UNSECURED PORTION OF DEBT:                                                           $5,000

The car dealer gets at least the $5000 Secured portion of debt since you gave them the right to sell the car and keep the proceeds if you defaulted on the loan.                          

If your Chapter 13 Plan proposes to pay 20% of UnSecured Debts,
the Car dealer ALSO gets: 20% of $5,000
20% of UNSECURED PORTION OF DEBT:                                              $1,000

In summary, the car dealer gets the:
     SECURED PORTION OF DEBT:                                                            $5,000
 Plus 20 % OF THE UNSECURED PORTION:                                           $1,000
                           FOR A TOTAL OF:                                                              $6,000 + interest


13. Lien Retention and Effect of Conversion – As shown in the example above - you can propose to pay a creditor the value of the property securing a loan, and NOT the balance due on the loan (there is a new exception we will discuss below). The problem is that if you pay the entire $5,000 secured portion of the claim, AND then convert from Ch 13 to Ch 7, you DO NOT GET TO KEEP THE CAR UNLESS YOU PAY WHAT YOU WOULD HAVE PAID IF YOU HAD NOT FILED. The amount owed on the secured claim would jump to what it would have been UNDER NONBANKRUPTCY LAW and the car would continue to be security for the debt! So you would have to pay another $5,000 plus interest to keep the car, or surrender it to the creditor (which most people would do), or redeem it by paying the then current value.

Remember, ,his penalty applies only when a case is converted to Ch 7.
IF YOU COMPLETE THE CH 13 CASE you get to keep the $10,000 car for $6,000 plus interest, and when the case is closed the creditor will release the lien. Nonetheless, not being able to convert to Chapter 7 will create a hardship on people with chronic illnesses who need to convert to discharge medical bills incurred during the 3 to 5 years a Chapter 13 plan is in effect.

There is another new provision – You MUST pay the secured and unsecured portions (the principal) of a claim IN FULL if you purchase or lease a car for personal use within 910-days before filing, OR buy anything on credit within 1 year of filing. The number of payments and the interest rate can be changed (e.g.- if you owe 20 monthly payments of $400, you can stretch the payments out so that you might have 40 payments of $200 to make through the plan).

14. Luxury Goods & Cash Advances - Consumer debts incurred within 90 days before filing, totaling more than $500, and owed to a single creditor for “luxury goods or services”, along with cash advances from a single creditor totaling more than $750 obtained within 70 days, are presumed [rebutable] to be nondischargeable (i.e. – they must be paid in full).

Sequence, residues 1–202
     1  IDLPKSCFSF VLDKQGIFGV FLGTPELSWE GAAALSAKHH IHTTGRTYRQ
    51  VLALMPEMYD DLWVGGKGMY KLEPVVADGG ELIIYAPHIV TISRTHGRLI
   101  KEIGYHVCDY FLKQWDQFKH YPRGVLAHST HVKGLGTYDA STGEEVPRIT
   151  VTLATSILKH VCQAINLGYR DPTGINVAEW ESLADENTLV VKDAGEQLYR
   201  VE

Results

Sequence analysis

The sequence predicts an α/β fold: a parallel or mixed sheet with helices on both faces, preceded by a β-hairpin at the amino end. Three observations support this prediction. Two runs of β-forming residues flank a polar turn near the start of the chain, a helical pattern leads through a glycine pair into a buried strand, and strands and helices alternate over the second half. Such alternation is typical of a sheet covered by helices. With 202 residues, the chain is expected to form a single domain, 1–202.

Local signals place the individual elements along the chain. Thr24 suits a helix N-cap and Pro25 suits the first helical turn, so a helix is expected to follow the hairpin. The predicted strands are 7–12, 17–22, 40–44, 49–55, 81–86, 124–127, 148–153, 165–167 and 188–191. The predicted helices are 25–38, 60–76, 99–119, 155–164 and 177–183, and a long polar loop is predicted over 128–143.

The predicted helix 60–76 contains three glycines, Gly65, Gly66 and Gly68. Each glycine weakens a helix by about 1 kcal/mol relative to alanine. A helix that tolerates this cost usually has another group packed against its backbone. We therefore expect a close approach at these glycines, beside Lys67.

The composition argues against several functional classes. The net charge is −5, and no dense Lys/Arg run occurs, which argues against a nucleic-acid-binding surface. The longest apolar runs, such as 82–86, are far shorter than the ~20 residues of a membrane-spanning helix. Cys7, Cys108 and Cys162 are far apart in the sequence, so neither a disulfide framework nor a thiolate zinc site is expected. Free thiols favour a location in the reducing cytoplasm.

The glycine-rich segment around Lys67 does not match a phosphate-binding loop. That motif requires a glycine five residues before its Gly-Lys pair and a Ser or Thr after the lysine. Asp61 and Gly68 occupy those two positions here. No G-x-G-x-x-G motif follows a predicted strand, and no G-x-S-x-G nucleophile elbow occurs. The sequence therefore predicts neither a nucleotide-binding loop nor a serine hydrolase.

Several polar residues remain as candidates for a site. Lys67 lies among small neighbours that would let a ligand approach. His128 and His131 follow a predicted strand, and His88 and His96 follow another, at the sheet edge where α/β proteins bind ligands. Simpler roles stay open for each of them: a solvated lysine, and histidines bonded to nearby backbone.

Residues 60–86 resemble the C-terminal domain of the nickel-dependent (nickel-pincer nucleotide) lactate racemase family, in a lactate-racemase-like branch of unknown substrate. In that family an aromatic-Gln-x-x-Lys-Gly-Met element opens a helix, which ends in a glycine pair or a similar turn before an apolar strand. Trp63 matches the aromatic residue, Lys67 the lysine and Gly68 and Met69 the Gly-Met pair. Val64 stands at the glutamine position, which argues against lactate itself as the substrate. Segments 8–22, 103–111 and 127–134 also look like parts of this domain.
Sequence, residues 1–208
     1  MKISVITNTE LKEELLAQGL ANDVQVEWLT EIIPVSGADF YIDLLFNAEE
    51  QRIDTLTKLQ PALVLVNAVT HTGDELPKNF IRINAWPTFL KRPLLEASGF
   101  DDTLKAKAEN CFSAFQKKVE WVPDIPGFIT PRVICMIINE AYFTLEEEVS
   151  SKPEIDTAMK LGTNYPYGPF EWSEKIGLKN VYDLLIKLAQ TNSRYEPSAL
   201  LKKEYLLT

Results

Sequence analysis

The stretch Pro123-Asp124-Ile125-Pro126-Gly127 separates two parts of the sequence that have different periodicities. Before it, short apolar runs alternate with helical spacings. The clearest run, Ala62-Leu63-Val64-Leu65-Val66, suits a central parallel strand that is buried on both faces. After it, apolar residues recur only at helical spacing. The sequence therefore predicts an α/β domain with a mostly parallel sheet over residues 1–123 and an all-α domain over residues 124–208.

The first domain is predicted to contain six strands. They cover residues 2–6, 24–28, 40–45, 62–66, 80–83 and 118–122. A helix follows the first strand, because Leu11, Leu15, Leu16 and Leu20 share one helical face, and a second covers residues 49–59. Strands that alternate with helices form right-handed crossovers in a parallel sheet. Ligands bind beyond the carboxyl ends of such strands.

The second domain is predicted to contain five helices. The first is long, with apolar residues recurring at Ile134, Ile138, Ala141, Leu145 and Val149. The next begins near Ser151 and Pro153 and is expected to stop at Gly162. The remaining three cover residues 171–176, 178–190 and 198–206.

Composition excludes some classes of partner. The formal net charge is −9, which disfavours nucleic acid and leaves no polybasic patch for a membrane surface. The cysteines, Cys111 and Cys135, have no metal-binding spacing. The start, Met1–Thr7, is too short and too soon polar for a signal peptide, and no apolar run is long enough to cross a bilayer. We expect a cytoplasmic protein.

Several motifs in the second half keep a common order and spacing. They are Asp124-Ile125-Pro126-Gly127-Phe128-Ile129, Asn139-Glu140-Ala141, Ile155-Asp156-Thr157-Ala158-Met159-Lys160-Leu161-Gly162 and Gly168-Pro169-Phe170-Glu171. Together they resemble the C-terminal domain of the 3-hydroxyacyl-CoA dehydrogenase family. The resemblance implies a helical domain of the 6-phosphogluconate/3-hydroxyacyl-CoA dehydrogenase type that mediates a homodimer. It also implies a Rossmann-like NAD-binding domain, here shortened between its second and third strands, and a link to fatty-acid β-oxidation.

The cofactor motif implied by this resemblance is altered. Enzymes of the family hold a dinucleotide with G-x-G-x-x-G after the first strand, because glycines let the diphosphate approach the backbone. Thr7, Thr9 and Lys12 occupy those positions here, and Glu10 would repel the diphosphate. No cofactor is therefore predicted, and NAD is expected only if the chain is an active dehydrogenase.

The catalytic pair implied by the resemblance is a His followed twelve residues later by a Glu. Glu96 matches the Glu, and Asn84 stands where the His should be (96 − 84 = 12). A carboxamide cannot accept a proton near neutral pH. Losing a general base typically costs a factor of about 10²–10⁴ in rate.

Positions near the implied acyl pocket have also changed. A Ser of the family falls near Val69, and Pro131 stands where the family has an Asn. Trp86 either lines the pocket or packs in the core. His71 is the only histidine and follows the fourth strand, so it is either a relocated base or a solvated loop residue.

15. No More Ch 13 “Superdischarge – A Chapter 13 discharge DOES NOT discharge claims resulting from:

1. unfilled, late-filed within two years of the petition date, and fraudulent tax returns (willful tax evasion);

2. liability for “trust fund” taxes, income taxes for 3 pre-petition tax years; and certain other taxes and duties.

3. credit extended under false pretenses or representations or actual fraud other than a financial statement;

4. credit extended under a written financial statement that the Debtor made with intent to deceive that was materially false and reasonably relied on by the creditor;

5. debts that were neither properly listed nor scheduled in the petition to permit timely filing of a proof of claim (and in the case of claims regarding luxury goods, fraud by a fiduciary, and willful injury, sufficient time to challenge dischargeability), unless the creditor had notice or actual knowledge of the case so as to permit a timely filed proof of claim;

6. fraud by a fiduciary, embezzlement, or larceny;

7. a domestic support obligation;

8. educational loans (as expanded by the Act - absent undue hardship);

9. death or personal injury caused by unlawfully operating a motor vehicle, vessel, or aircraft under the influence of intoxicants;

10. criminal restitution or a fine included in a sentence on the debtor's conviction of a crime; and

11. civil restitution or damages as a result of willful or [Ch 7 “and”] malicious acts resulting in personal injury or death of an individual;

A Chapter 13 case DOES discharge three types of debt that cannot be discharged in a Chapter 7 case, claims resulting from:

1. property settlements in a divorce [not support obligations];

2. willful and malicious injury to property; and

3. debts incurred to pay non-dischargeable tax obligations.

Note that if you are ordered to pay specific debts (like joint credit card debt) in a divorce proceeding you CANNOT discharge those debts in a Chapter 7 case. You MAY be able to discharge them through a Chapter 13 plan.

16. Tax Returns – For practical purposes - you must file all returns with taxing authorities that you have not filed, provide copies of previous year returns, and, in some cases, provide the last 4 years of returns. Your creditors may review copies under strict privacy rules. If you do not timely file tax returns as required under the Act, AND provide required copies to the Trustee, AND file all required copies with the Bankruptcy Court, your case will be DISMISSED.

17. Student Loans – Unless you prove that repayment of a student loan would create an undue hardship on you and your dependents, which is very difficult to prove absent a severe disability, all student loans are now non-dischargeable, even where the lender is a non-governmental, commercial, entity.

18. Priority for Support Payments –Claims for domestic support obligations are given a First Priority under the Reform Act – to be paid before priority taxes and any unsecured consumer debts.

19. Pension and Profit Sharing Plans - 401K Loans –Deductions for retirement, pension, and profit sharing plans, and for repayment of amounts borrowed from those plans, receive special, favorable, treatment under the Act.

Again, if you think you may need to file bankruptcy, consult a qualified bankruptcy attorney before proceeding. Unless you are certain you can do it right, don’t try to file without the help of an attorney. If you make a mistake you may unnecessarily risk losing your house, car, and money!